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Thread: The public use of ENCRYPTION

  1. #76
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    Quote Originally Posted by Mars View Post
    Further to your comment...

    Rekeying often, doesn't mean use a multikey radio and manually change the key via the soft menu, every week. Rekey means physically load new key(s) into radio at specified interval or when commencing a new project/investigation. This practice mitigates many keys/ops being compromised if a radio itself is stolen/compromised.

    Load 100 multikeys into a radio. Switch the key every week. But if an adversary has obtained a radio and dumped all 100 keys, they'll be listening each time the key is soft-changed. Multi-key should only be used for traffic segmentation/unique-per-agency.
    A well funded adversary (TLA Agencies) would not even have to go to the hassle of getting those 100 keys out of a recovered radio.

    Say for example they recorded all of the traffic for months directly at baseband using SDR, they could replay all those messages later into a signal generator and use the recovered radio to do all of the decoding for them. "Data is a toxic asset" (Schneier). Get rid of those keys as soon as you are done with them. Don't even write them down.


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  3. #77
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    This is why I'm a fan of the ASTRO25 KMF/OTAR scheme. A radio gets compromised, you can remotely inhibit/zeroize it, then generate a new TEK and push OTAR to the rest of the network (emergency rekey.) Of course the whole system falls apart if your users don't properly account for and report missing radios. Accountability is critical. Once a key is no longer in use, destroy any remaining copies of it. Generally you only want to keep one future key preloaded on radios to enable a smooth changeover, but if any radios get compromised, perform an emergency rekey on all radios on the network; generate brand new keys and burn the old ones.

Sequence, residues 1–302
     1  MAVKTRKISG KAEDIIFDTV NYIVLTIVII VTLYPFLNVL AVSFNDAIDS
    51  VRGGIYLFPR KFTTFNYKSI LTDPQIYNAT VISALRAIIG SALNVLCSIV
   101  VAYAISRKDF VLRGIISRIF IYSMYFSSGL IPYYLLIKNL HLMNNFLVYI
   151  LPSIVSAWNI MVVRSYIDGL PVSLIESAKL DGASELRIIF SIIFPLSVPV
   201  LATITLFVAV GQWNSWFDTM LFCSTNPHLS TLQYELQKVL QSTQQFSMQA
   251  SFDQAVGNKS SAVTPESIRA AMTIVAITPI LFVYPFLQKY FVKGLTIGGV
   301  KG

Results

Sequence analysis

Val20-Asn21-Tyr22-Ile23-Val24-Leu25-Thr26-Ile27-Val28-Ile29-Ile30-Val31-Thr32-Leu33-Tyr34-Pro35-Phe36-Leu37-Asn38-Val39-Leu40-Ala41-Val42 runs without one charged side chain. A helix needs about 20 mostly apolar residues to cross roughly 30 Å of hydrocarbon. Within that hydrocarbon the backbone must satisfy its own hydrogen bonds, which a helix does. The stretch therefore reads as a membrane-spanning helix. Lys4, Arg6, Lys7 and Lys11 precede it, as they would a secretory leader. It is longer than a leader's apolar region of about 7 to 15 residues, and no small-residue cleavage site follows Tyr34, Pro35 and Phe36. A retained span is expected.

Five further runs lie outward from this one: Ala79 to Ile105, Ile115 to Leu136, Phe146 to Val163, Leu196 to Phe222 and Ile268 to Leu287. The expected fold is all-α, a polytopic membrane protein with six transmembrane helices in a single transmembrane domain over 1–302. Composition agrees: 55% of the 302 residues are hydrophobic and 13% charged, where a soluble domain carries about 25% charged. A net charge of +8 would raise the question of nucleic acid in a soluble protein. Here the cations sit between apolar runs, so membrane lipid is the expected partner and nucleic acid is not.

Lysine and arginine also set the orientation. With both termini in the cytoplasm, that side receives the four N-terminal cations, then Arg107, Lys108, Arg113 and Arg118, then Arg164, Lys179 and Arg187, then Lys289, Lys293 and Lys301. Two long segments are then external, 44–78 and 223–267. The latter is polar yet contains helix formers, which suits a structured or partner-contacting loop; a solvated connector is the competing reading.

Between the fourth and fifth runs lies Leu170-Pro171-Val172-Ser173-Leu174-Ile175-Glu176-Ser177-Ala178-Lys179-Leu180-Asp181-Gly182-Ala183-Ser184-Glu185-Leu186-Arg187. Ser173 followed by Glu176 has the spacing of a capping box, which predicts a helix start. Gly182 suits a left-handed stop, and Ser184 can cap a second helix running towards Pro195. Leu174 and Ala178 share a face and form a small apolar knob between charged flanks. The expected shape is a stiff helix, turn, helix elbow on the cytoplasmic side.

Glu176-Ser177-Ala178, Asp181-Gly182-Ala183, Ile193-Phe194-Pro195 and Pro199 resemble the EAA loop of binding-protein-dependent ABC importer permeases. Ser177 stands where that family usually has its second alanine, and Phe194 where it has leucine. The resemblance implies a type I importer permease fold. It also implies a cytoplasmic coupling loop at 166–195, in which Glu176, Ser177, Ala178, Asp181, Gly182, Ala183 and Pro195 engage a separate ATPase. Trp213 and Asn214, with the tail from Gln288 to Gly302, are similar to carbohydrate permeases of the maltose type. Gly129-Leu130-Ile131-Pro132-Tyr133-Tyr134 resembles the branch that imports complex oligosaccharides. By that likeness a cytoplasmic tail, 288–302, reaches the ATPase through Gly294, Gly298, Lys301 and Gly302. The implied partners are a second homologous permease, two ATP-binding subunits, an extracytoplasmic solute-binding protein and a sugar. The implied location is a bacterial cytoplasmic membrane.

4. #78
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    The best method still is to not use a communications device at all. Face to face still works.
    Apparently NOT a radio professional.

  5. #79
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    Quote Originally Posted by com501 View Post
    The best method still is to not use a communications device at all. Face to face still works.
    Even then, there's filthy people who like wearing wires, trying to make a crime out of something that isn't, or entrap someone into doing something they normally wouldn't do. The world is full of....people. The human is not going to last much longer, in the multi-billion-year-old story that is Earth.

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  7. #80
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    Quote Originally Posted by com501 View Post
    The best method still is to not use a communications device at all. Face to face still works.
    One time Pads, dead drops, numbers stations. Time tested!

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    The tamper switches has failed often in the MTS2000 series causing the radio to lose the key, we had to bypass that feature.

  10. #82
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    Quote Originally Posted by PSYKO_Inc View Post
    =Of course the whole system falls apart if your users don't properly account for and report missing radios. Accountability is critical.
    We run into this in the public safety infosec field all the time. The best way to guarantee this is to provide a kind of immunity, IE: You won't get in trouble if you report the loss immediately so steps can be taken.

    The majority of delays in reporting lost radios (lost badges (lost tasers (lost guns (etc)))) is fear of repercussion. Obviously if you have the same nitwit every week losing a radio that's one thing, but I'd rather have someone report the loss immediately so it can be mitigated than wait until they "retrace their steps".

    Slightly off topic, just something I'm dealing with a bit at work.

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  12. #83
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    One time pads are the absolute best there is. Book codes are good too. Both have traditionally been used with number stations and the like. One advantage of book codes is they are lower profile. Hard to explain why you have a sheaf of flash paper with small columns of numbers on them.